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Ramadan’s excesses 6, September 2010

Posted by thegulfblog.com in Islam, Kuwait, Qatar.
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After living in Kuwait I confess that I was left with a slightly sour taste during Ramadan. As far as I understand things – please correct me if I am incorrect – Ramadan is a time of reflection and a time to think of those who are less fortunate that yourself. This is primarily why people fast; to foster a feeling of hungry empathy, so to speak.

Therefore, to binge on food at a gloriously laid out opulent banquet every evening (countless such examples can be found across the City) seems, to me, to miss the point.

Figures from Qatar reinforce the point. Apparently, food consumption increases three times during the month with small families (5 people) spending on average £2700 on feasts.

Dutifully not eating and drinking with the full knowledge that there’s a whopping meal in x hours doesn’t seem to be overly pious to me.


1. David lepeska - 7, September 2010

Yeah, ironic and unfortunate, and sadly pretty standard across much of the Muslim world – from South Asia, to Lebanon, to Qatar and Kuwait.

Is it the same in Saudi, home of Islam? Maybe we should ask Jared.


2. Anonymous - 7, September 2010

You should rename the title to “Arab Excesses” ….ramadan is observed by muslims all over the world….the title gives a wrong impression about the holy month rather than the group of ppl practicing such pompous nature!

davidbroberts - 7, September 2010

That’s a good point, thanks for taking the time. I think that I’ll leave it, however. This is the Gulf Blog, after all. Also, I’m very specific about discussing Qatar and Kuwait here.

davidbroberts - 7, September 2010

I’d bet my bottom dollar that it is! (Is that a phrase?)

3. The Qatari Imam - 8, September 2010

I wouldn’t be too quick to judge the Gulf, or any culture, in this way. I think it’s quite offensive to make blanket claims that “Ramadan is a time of reflection and a time to think of those who are less fortunate that yourself” and that the phenomenon is “ironic and unfortunate.” Is that so? It is easy to criticize a religious group if you create your own simple and limited definitions. Ramadan, and Islam, are far more complex than these cliched understandings of religious practice. Islam is not just a religion–it is a multilayered culture, a people, a civilization. Reducing Ramadan to this basic moralism as a basis for condemnation is unfair, insensitive and condescending.

davidbroberts - 9, September 2010

Plainly Ramadan being a “time of reflection and a time to think of those less fortunate than yourself” is not “ironic and unfortunate”. No one is saying or implying that. What is unfortunate is how seemingly disjointed from Ramadan’s original reason/point/ethos modern-day Ramadan is (or, rather, appears to me).

What is Ramadan, then, if it is not – at its core – about this?

I am patently not criticising Ramadan as an idea or, for that matter, Islam.

The only way that the tenor of your argument can stand up is if you are defending the egregious consumption of food in Gulf States during Ramadan as somehow a part of Ramadan itself; that stuffing one’s self, spending staggering amounts of money on buffets with which comes commensurately enormous waste is, actually, what Ramadan is about. If that is what Ramadan is for you – i.e. conspicuous consumption – then ok; not a problem. Just, as I have said, as far as I understand it, this is not remotely in line with its core ethos.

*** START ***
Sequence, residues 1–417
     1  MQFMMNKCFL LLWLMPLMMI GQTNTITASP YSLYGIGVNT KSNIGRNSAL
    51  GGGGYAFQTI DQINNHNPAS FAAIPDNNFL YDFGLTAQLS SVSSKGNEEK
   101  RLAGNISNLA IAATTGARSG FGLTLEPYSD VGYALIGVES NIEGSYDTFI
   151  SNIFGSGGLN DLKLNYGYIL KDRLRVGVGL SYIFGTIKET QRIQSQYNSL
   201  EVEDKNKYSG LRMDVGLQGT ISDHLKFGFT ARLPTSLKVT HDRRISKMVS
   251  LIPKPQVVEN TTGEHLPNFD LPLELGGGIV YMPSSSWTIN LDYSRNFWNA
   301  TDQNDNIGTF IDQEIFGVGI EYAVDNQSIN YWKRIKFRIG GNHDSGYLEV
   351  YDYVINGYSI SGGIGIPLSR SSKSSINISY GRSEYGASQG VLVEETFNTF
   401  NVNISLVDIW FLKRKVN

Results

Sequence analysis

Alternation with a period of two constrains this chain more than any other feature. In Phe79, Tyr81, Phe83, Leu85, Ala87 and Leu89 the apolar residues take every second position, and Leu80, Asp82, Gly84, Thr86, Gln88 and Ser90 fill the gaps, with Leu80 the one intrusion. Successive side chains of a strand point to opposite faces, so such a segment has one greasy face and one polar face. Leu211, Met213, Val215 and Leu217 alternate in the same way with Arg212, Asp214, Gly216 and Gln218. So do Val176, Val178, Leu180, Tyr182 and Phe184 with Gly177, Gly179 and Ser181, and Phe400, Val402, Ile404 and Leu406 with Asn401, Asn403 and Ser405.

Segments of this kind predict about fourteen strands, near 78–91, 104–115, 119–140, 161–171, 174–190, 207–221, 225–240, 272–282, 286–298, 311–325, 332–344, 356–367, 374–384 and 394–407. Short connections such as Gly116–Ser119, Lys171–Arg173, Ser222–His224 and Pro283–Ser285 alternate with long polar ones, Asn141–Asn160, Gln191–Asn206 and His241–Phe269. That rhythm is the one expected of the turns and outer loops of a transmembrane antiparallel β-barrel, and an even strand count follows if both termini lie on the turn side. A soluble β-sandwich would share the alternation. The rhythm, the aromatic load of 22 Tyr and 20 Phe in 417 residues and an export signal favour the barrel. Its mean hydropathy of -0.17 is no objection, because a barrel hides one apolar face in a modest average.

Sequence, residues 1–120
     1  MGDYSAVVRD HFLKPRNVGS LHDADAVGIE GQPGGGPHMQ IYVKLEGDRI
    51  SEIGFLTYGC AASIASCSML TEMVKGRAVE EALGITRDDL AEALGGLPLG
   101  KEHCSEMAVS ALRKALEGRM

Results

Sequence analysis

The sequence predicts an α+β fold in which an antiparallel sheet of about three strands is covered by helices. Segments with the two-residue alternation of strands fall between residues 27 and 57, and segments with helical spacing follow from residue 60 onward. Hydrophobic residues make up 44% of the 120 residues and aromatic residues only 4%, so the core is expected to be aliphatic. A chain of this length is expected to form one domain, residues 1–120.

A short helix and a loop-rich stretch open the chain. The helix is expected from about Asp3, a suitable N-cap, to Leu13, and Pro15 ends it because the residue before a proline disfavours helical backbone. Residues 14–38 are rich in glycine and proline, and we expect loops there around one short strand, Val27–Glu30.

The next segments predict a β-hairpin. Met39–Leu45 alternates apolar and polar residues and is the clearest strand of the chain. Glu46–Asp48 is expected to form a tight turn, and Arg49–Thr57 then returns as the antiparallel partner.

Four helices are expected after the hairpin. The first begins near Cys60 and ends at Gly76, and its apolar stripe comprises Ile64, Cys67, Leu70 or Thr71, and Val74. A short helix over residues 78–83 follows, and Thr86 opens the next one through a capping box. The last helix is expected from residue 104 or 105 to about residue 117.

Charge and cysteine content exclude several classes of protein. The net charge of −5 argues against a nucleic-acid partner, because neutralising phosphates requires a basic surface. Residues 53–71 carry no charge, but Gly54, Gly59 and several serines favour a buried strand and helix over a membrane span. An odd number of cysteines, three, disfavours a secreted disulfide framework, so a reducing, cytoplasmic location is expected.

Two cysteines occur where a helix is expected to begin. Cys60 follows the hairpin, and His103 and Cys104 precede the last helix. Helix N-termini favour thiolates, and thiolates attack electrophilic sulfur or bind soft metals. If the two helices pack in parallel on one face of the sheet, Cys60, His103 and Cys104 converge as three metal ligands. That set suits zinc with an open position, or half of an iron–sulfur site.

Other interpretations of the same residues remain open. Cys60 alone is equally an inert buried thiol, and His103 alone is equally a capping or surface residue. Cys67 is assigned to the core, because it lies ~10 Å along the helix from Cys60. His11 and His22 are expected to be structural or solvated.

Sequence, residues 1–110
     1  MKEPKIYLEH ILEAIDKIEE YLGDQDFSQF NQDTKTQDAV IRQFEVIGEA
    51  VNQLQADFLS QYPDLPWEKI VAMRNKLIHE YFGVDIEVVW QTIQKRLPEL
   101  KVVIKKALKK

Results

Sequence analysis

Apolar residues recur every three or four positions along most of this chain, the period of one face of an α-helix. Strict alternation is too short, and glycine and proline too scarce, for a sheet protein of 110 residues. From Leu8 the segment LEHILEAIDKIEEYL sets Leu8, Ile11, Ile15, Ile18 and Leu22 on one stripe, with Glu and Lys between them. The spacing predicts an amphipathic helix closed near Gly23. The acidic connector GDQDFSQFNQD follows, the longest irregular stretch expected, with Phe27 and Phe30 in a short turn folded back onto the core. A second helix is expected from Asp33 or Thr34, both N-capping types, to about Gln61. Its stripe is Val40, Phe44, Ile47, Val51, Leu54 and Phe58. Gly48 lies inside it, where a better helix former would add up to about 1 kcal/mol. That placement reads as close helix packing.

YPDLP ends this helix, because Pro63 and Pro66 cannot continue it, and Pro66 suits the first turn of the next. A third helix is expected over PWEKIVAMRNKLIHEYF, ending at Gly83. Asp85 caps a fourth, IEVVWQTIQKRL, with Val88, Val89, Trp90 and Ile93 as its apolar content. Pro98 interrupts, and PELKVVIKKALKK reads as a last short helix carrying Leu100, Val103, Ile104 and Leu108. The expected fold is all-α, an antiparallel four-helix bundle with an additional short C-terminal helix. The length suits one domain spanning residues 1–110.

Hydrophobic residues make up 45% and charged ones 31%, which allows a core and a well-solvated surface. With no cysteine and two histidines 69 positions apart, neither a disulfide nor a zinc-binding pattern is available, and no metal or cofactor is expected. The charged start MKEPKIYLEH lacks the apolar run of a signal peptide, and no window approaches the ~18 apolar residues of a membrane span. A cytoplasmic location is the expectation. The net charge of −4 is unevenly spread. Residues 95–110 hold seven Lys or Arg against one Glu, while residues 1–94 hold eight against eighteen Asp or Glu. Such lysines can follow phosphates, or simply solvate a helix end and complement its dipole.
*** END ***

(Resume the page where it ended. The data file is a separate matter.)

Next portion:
4. Cosmic Teapot from Kuwait - 10, September 2010

“time of reflection and a time to think of those less fortunate than yourself”

That’s not quite true.. Ramadan is about bringing you closer to God and your community. The pains of hunger during the day give you a sense of your fragility and mortality . The feasting at night provides social facilitation. I would say that mortality is at the heart of all religions. So Ramadan is more of a religious recharge than a month of empathy towards the poor. Consider it a form of self-flagellation. A pious man does not whip himself to feel for those who are tortured (I’ve never heard of torture incidents being lower in communities that practice self-flagellation).

Non-Muslims are told the story of empathy because it’s more palpable. Empathy is certainly not the main point of Ramadan. In that context, I think you would find that the feasting makes more sense. Actually, my opinion is that Ramadan is more egocentric than empathetic in it’s core values.

5. Cosmic Teapot from Kuwait - 10, September 2010

Also, in so much as the individual’s ego being immersed in piety and in reflection of his minuscule presence in the greatness of God, the treat at night is a trick Pavlov’s dog can tell you all about.

davidbroberts - 10, September 2010

You’ve put that very well (much better than me), thanks. I still, however, have trouble understanding the opulence of the feasts.

6. ringo starr - 23, September 2010

the way its practiced in kuwait and many other muslim communicates is, i find, reprehensible. i used to be among those that indulged in endless meals post-sunset but thankfully (thank god?) i became aware of both my health and the lot of those less fortunate in the world and how antithetical to any godly faith it is to gorge ourselves unnecessarily. in my family i’ve seen a significant improvement in terms of moderating the quantities of food served with every passing year and it could not be more refreshing and joyful.

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